At a time when employers can be especially choosy about hiring, should they now pass on great employees and hold out for those who are truly remarkable?
While great employees may be reliable, dependable, proactive, diligent, and demonstrate the ability to both lead and follow, remarkable employees are all these and can also make a major impact on performance.
In Jeff Haden’s recent Inc. Magazine article “Eight Qualities of Remarkable Employees,” he defines these as follows:
1. They ignore job descriptions – Think on your feet, adapt quickly to shifting priorities, do whatever it takes, regardless of role, to get things done.
2. They are eccentric . . . – Think out of the box, question the status quo, unafraid to stretch existing boundaries.
3. But they know when to dial it back – They know when to play and when to be serious; when to be irreverent and when to conform; when to challenge and when to back off.
4. They publicly praise . . . – A compliment from a peer in group settings can be especially powerful when this is someone others look up to.
5. And they privately complain – They bring up sensitive issues or concerns in a private setting to avoid disrupting the larger group.
6. They speak when others won’t – Remarkable employees have an ability to understand what concerns fellow employees and speak up for those who may be intimidated to speak up publicly or privately.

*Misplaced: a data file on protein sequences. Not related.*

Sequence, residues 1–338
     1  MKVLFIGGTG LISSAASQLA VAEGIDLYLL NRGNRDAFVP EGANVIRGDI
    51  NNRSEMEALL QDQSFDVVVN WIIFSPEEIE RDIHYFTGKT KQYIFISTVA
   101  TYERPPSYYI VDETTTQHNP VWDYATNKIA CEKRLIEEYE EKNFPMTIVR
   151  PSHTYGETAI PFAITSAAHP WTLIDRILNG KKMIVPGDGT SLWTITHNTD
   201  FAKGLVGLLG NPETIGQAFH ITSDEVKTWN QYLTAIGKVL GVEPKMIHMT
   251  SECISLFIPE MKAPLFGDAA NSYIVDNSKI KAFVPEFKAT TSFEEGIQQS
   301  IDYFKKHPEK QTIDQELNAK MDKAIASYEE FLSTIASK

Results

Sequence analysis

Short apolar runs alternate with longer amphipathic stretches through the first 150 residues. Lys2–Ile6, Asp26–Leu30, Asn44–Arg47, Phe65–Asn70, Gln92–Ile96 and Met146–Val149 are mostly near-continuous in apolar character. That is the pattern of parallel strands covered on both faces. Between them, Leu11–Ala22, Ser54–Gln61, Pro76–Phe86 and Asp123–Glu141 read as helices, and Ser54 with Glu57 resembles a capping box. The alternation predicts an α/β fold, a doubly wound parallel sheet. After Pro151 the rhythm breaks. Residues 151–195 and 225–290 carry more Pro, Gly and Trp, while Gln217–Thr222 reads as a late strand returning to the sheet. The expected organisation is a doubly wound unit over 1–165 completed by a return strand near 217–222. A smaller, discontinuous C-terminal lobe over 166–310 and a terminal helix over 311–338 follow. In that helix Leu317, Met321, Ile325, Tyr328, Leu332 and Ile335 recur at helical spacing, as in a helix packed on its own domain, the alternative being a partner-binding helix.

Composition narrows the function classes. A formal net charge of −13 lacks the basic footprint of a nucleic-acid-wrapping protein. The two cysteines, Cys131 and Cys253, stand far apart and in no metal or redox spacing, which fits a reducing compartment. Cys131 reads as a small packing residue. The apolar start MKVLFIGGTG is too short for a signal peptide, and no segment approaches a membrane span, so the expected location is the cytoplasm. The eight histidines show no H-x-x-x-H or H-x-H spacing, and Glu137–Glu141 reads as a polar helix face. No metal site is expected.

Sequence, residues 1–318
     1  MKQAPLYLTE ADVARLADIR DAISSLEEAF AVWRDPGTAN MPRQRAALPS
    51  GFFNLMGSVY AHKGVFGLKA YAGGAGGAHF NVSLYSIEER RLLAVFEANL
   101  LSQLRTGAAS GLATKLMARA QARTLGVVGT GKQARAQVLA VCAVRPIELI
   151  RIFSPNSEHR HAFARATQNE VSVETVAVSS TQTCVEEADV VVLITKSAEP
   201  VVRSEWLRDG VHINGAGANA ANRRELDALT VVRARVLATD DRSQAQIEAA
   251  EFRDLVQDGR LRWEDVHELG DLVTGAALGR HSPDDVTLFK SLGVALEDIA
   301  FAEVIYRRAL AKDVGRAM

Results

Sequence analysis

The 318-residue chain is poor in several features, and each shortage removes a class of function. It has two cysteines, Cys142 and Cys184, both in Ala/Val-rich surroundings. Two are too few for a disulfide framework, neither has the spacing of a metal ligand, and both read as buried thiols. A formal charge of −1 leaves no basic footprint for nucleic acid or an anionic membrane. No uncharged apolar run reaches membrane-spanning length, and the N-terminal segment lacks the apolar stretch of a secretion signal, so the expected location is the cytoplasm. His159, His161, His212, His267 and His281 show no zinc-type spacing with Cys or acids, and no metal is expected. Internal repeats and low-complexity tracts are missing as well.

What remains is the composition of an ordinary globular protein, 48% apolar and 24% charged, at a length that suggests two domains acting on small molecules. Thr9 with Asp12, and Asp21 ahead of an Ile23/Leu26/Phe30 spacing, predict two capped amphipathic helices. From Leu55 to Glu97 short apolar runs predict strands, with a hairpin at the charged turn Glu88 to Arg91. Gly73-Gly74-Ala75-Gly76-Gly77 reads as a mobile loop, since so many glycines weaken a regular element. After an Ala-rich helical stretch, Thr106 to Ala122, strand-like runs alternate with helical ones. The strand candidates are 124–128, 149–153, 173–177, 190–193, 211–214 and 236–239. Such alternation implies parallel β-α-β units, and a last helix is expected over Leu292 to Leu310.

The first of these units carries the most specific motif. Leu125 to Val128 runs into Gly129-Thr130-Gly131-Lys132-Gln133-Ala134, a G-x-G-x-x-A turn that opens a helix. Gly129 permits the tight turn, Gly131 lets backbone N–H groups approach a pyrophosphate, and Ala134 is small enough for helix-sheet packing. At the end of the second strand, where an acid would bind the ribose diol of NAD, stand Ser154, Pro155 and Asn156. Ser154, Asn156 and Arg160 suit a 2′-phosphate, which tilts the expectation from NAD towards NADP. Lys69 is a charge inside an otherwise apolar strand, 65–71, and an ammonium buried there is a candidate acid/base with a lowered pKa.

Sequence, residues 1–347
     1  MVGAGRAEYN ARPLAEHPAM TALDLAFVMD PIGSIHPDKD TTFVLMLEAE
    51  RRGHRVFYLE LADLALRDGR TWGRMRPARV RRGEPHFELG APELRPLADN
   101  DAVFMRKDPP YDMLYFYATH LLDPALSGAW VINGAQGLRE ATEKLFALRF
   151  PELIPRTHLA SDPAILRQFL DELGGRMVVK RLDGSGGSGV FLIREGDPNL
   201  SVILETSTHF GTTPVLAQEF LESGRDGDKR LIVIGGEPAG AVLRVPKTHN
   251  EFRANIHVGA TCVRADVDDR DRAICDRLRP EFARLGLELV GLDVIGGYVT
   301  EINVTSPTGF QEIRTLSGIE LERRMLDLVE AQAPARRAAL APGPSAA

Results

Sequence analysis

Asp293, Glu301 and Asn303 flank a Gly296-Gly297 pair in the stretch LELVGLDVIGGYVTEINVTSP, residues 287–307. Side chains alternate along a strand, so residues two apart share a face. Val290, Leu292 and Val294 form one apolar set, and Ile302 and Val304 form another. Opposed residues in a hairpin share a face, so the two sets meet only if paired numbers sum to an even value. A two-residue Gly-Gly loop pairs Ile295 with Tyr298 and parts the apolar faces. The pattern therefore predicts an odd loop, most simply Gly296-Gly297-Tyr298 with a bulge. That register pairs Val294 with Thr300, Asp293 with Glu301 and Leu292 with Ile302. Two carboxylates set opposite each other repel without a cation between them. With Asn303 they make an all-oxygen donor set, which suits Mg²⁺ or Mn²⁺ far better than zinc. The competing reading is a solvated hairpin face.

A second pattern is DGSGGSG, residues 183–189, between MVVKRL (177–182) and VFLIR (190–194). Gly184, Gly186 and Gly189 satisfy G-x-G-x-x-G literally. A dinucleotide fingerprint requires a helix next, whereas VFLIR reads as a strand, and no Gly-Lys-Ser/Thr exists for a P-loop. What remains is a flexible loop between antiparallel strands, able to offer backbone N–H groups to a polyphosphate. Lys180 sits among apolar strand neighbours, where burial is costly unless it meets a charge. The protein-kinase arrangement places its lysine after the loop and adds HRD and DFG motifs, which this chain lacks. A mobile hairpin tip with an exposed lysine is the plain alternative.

7. They like to prove others wrong – This is the intrinsic drive to exceed other’s expectations because it’s deeper and personal.
8. They’re always fiddling – These people are rarely satisfied (in a good way) and are constantly tinkering with information and processes.
Haden writes that while great employees follow processes, remarkable employees find ways to make those processes even better because they can’t help it.
I suspect many of these same qualities may actually inhibit employees from getting hired in the first place. When you think of the traits beyond skills and experience necessary for a job in your organization, how do these eight stack up?
Finding a job candidate who appears eccentric, challenges existing processes, and complains about anything may raise red flags during an interview. If the person gives examples of how he or she constantly fiddled with information, wouldn’t this raise the question as to what more important things might not have been getting done?
While all these traits of remarkable employees might fit in some organizations in some positions and at a particular point in time, I suspect they might be ill-suited for many. Perhaps only the start-up company is where they are best suited.
Not only that, but it may ultimately take a remarkable boss and a remarkable company to enable these remarkable employees to get hired and to thrive in the work environment.
Instead, for most organizations, I believe settling for these great employees who demonstrate reliability, dependability, pro-activity, diligence and the ability to both lead and follow is the best course of action. Finding and hiring more great employees would benefit every organization.
If remarkable traits surface from among the great employees you’ve hired, perhaps they could then be encouraged and nurtured. Your organization will be better served in the near term and, over time, it may benefit from greater performance simply due to having so many great employees.
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